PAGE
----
Exploring ‘America’s best-idea’ just got better with free U.S. national park passes for kids.
Imposing a structure onto America’s most stunning wilderness feels a bit like trying to get a toddler to adhere to a strict snack schedule, but if anything, it’s almost as if the US national parks willed themselves into being. Their campaign of manifesting their destiny began in the mid-1880s when European heading westward across the continent stumbled upon the area that today is Yosemite National Park. Explorers like John Muir were so entranced by the valley that they sent messages back east imploring Congress and President Lincoln to place the land under government protection, which they did during the Civil War. Yellowstone became the first official national park in 1872 (under President Grant) and in 1915 the National Park Service was created. Today the NPS oversees some 392 national parks, monuments, battlefields, seashores, recreation areas, and other protected sites that can be found as far north as the arctic circle (Gates of the Arctic National Park and the Kobuk Valley National Park) to south of the equator (National Park of American Samoa). And now thanks to the Every Kid in a Park program all 4th graders can enter each and every one for free.
Every Kid in a Park is run through the National Park Foundation’s Open Outdoors for Kids as part of their wide format of programs that range from providing underserved schools transportation to parks for field trips to training teachers how to teach about nature to sponsoring kids to attend day camp.
Parents and can access the passes by visiting the Every Kid in a Park site starting September 1, 2015. But why (only) 4th graders you may ask? As Susan Newton, senior vice president of grants and programs at the National Park Foundation explains, “We are starting with an invitation to the targeted segment of America’s 4th graders because we know that children who interact with nature and natural areas before age 11 are more likely to have positive attitudes toward nature and the environment as adults. Fourth grade is also when many schools are teaching local, state, and national history.”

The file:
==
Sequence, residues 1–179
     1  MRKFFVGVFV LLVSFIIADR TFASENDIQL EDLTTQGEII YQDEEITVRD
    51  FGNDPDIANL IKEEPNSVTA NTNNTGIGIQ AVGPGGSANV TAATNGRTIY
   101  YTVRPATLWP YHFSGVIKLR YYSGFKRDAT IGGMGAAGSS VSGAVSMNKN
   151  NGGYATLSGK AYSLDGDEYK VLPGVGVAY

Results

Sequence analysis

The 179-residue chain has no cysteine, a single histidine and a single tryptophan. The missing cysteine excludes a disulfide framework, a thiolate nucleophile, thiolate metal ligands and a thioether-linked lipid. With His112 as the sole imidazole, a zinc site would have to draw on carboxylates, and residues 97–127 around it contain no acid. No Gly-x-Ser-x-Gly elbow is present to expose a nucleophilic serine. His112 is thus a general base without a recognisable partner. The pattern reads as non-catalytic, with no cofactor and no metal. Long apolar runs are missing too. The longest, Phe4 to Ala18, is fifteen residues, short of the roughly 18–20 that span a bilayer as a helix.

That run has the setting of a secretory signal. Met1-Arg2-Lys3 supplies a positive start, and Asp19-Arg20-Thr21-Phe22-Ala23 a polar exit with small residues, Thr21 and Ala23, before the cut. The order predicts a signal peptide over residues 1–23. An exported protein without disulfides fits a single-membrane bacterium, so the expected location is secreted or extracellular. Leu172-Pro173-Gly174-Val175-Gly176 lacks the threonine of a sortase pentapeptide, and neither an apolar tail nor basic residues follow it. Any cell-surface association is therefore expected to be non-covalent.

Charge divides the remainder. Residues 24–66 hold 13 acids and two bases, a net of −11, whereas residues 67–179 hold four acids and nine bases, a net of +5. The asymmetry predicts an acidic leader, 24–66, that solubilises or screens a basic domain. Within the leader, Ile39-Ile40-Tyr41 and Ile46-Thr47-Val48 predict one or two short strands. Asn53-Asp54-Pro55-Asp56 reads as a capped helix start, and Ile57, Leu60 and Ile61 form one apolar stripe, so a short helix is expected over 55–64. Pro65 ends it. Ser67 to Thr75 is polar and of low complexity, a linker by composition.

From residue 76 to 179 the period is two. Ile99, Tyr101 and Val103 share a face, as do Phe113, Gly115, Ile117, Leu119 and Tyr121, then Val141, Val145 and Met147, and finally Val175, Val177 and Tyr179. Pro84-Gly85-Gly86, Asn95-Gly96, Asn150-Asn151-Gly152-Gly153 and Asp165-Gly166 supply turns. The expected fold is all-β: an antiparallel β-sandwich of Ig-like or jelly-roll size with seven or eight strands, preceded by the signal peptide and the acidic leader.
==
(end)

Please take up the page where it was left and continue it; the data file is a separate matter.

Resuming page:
Here’s just a few of the lands and landmarks your 4th grader can visit for free:
A view from the floor of Yosemite, the park that spurred the formation of the National Park system.
Today national parks come in all shapes and sizes. These caves, part of the Apostle Island National Lakeshore in Wisconsin are only accessible in winter.
Only Delaware, our first state, lacks a national park. Here, organic materials in the plants and soil form a rainbow effect in the Congaree National Park, South Carolina.
Lava from the Puʻu ʻŌʻō crater, part of the Hawai’i Volcanoes National Park, has been erupting continuously since January 3, 1983, making it the longest-lived rift-zone eruption of the last two centuries.
The homes built into the cliffs that are now the Gila Cliff Dwellings National Monument in New Mexico were inhabited by the Mogollon poeple from late 1200s to 1300s. Perched 180ft above the canyon floor, they contain about 40 rooms.
The Russell Cave National Monument in Alabama has been inhabited by humans since 7000 BC.
Almost half of the land that makes up the National Park of American Samoa is coral reef, like here off the coast of Ofu island.
At White Sands National Monument in New Mexico you can visit the world’s largest expanse of gypsum dunes.
The Florida panther is found exclusively in the Everglades National Park. Luckily, its numbers have been rising since the 1970s.
You could stack the Statue of Liberty five high in the depths of Crater Lake National Park, Oregon.
The nation’s largest cacti, the saguaro, are found only in Saguaro National Park, Arizona.